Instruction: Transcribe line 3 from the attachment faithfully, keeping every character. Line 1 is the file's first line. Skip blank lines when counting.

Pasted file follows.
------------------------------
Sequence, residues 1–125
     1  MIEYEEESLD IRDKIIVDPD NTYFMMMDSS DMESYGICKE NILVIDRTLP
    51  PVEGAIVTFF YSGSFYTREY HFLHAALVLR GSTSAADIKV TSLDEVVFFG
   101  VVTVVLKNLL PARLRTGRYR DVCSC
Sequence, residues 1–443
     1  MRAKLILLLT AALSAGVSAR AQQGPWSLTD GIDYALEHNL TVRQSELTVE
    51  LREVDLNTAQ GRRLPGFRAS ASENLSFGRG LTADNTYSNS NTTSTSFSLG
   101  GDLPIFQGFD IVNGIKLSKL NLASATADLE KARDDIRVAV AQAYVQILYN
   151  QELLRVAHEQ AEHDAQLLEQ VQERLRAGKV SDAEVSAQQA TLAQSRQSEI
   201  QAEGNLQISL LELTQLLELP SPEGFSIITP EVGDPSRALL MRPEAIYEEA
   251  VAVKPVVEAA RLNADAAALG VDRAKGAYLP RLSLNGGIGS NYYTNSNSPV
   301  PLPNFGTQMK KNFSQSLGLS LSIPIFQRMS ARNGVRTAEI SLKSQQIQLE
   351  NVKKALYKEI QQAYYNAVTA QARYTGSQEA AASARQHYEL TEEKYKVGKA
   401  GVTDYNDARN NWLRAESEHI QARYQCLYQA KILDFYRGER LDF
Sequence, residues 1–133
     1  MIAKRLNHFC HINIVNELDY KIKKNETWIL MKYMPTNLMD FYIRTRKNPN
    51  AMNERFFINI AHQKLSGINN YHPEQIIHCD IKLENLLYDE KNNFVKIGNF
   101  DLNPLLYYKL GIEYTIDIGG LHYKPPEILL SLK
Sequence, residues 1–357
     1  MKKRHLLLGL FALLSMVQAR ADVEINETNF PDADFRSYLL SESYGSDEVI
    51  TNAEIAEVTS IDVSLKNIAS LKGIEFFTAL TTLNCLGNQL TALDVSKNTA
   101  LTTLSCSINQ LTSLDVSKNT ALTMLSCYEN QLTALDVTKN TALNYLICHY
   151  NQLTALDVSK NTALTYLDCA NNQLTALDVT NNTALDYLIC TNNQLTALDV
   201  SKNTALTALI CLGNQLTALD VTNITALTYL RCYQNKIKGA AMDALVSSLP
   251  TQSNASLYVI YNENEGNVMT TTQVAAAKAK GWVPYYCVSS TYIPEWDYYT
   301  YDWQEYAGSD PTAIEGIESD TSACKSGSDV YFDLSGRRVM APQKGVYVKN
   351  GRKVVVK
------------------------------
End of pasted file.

    51  PVEGAIVTFF YSGSFYTREY HFLHAALVLR GSTSAADIKV TSLDEVVFFG